Bloop Bloop

  • Handlebar Stache
  • *****
  • Posts: 2140
  • Location: Melbourne, Australia
Re: How long can we wait while flattening the curve?
« Reply #82 on: March 19, 2020, 08:13:40 PM »
People still seem unwilling to face just how dire this situation is. Infection rates in a situation where serious measures are not taken are running at perhaps eight days to multiply numbers by ten. Lombardy is running out of coffins. Its doctors are showing PTSD symptoms. The mortality rate is effectively 10% thanks to a completely overrun medical system.

Whatever your mental model is for how bad this is, forget it. It's far, far worse. See my mention of Lombardy above? They had their first coronavirus positive less than a month ago. There is a reason governments are mobilising on this scale; it's because left to its own devices, this will kill more people than the world wars, and it will do it in weeks.

If your state has a population of ten million, and isn't taking serious measures, here's a fairly likely trajectory.

Today: the first case in your state.
Eight days from now: the tenth case in your state.
Sixteen days from now: the hundredth case in your state, and the first few deaths.
Twenty-four days from now: deaths are now beginning to add up.
Thirty-two days from now: deaths at this point are running at close to one in ten, as your medical system becomes completely overrun.
Forty days from now, assuming still no measures being taken: about a hundred thousand cases by now, and almost ten thousand deaths. There is a shortage of coffins. Medical personnel are showing PTSD symptoms; some are dying. Decisions are regularly being made to leave patients to die because there are not enough ventilators.
Forty-eight days from now: close to a million infected. Almost one percent of the population has died of coronavirus in less than seven weeks. The medical system is effectively gone at this point. Corpses are being piled up in warehouses because there's no room left.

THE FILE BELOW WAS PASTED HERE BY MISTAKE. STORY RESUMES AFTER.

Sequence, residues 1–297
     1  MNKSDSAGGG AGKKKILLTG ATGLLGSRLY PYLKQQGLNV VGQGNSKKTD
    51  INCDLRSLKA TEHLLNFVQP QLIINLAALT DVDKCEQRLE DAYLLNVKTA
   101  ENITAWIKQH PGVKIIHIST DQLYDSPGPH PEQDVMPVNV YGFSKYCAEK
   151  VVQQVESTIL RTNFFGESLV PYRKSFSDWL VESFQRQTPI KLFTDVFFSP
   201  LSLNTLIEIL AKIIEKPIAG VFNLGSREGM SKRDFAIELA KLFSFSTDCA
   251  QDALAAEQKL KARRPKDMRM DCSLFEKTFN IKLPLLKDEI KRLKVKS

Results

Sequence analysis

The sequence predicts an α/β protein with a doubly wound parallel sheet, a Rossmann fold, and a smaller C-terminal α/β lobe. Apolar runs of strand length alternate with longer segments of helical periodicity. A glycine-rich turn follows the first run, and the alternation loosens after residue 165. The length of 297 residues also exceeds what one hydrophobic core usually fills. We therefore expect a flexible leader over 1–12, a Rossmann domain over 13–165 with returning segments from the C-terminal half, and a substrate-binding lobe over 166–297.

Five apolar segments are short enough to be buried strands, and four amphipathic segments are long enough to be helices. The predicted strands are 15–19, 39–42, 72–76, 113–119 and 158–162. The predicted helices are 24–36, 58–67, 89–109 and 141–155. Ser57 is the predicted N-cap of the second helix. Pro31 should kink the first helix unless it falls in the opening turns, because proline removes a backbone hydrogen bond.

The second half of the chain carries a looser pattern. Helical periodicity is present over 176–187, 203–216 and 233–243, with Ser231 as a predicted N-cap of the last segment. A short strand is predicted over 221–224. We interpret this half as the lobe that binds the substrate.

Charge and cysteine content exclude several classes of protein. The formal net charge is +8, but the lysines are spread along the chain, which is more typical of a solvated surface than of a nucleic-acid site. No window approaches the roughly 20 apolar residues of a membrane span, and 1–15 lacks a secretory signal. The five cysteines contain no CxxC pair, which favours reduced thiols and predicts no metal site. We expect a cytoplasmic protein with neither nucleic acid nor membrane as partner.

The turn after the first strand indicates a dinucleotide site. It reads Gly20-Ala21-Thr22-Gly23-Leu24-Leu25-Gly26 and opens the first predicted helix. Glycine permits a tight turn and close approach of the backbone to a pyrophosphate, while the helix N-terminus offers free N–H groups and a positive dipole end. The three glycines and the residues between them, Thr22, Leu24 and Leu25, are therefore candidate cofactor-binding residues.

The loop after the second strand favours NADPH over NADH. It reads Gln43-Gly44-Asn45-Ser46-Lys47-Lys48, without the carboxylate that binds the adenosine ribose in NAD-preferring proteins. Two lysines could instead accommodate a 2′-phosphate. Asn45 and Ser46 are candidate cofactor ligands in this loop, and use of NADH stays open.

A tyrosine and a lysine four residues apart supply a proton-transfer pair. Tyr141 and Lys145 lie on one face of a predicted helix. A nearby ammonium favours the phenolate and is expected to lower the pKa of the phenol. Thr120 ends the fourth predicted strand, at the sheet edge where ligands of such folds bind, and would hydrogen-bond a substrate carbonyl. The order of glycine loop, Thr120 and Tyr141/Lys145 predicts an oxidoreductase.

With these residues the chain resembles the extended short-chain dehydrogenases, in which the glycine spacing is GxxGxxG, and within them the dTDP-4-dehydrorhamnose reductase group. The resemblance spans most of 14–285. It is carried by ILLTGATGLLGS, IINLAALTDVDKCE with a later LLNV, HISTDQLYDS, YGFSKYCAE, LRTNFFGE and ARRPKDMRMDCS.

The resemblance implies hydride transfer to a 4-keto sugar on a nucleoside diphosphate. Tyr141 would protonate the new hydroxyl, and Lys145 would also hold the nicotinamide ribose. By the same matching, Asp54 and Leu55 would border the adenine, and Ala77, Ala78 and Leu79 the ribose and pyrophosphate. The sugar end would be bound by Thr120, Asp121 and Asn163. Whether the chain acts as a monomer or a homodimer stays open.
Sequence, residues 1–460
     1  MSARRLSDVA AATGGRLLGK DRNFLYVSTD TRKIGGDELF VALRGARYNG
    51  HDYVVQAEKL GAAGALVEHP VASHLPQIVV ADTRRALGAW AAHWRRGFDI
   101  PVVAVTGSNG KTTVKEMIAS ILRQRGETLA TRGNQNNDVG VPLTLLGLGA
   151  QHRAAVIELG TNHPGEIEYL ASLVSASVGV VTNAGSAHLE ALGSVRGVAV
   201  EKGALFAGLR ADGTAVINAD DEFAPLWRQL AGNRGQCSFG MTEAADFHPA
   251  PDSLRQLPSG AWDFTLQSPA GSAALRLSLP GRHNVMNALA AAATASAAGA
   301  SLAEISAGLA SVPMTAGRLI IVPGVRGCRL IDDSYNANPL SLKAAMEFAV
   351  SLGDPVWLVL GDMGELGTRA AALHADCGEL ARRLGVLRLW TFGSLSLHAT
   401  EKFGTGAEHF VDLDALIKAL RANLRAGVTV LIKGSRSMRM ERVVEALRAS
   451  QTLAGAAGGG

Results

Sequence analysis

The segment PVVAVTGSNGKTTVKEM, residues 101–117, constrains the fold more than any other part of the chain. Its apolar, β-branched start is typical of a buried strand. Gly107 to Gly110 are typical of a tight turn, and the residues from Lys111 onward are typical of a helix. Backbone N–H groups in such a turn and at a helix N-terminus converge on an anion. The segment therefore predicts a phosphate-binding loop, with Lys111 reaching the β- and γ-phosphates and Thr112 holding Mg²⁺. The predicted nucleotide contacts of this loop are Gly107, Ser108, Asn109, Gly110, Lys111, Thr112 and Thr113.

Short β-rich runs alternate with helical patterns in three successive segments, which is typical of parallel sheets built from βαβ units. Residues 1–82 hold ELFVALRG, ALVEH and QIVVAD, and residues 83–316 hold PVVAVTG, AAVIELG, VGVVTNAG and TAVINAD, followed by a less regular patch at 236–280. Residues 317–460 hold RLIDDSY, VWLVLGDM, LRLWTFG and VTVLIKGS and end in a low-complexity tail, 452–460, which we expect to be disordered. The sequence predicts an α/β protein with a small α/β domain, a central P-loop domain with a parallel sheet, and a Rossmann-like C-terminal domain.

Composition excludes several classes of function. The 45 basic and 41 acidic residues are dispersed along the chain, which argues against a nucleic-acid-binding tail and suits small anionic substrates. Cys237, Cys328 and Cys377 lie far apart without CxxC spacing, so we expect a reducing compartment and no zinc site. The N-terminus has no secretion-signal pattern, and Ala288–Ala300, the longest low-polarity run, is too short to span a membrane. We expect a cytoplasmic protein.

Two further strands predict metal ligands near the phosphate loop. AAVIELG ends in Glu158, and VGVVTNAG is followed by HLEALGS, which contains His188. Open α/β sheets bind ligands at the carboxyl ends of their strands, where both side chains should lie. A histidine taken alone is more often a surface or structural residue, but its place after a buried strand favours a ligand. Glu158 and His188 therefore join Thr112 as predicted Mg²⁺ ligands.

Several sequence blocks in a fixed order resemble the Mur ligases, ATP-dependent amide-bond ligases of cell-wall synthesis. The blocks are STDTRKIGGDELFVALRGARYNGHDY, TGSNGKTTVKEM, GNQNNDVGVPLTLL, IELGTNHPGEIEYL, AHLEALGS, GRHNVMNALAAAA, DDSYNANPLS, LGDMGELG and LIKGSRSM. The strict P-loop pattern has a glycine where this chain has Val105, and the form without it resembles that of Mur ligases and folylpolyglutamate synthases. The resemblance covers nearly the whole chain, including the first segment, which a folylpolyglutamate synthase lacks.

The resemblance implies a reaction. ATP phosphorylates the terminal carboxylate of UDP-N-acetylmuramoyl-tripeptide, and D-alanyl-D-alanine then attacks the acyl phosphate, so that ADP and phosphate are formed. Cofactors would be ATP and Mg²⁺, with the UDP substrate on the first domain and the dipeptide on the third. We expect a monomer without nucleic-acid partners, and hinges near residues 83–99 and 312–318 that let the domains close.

Fifty-six days from now: at this point, the infection rate is levelling off as 90% or so of the population has contracted coronavirus. There are thousands upon thousands of deaths on a daily basis. The piles of corpses lead to a secondary outbreak of bacterial and parasitical illnesses, a considerable number of which will end up killing their hosts as a result of an already weakened immune system. Of the ten million people in your state, close to a million are dead or dying. The hospital system will take years to recover, and the state faces a desperate shortage of doctors and nurses.

If this is not prevented, it will be the worst loss of life in Europe and America in centuries.

At this point, eight weeks have passed. In a little under two months, your state has lost almost 10% of its population, its support and safety structures have been utterly ruined, the economy is wrecked completely, and (assuming you survive) you'll be mourning your friends and family for years to come.

OK, so in about six weeks' time, I should expect 10% of my state's population to be dead, and I will be mourning friends and family members.

Is that a 50th percentile EV, or is it a 99.9th percentile worst case scenario? Because the two are very different.

If you are particularly susceptible to something, you might run at 99.9th percentile survey. For the rest of us, this comes across as fear-mongering. Based on the available data, if the entire population got the virus a lot less than 10% would be dead, and most of the dead would not be young or healthy individuals.


lutorm

  • Stubble
  • **
  • Posts: 206
  • Location: A large island in the middle of the Pacific Ocean
Re: How long can we wait while flattening the curve?
« Reply #83 on: March 19, 2020, 08:20:20 PM »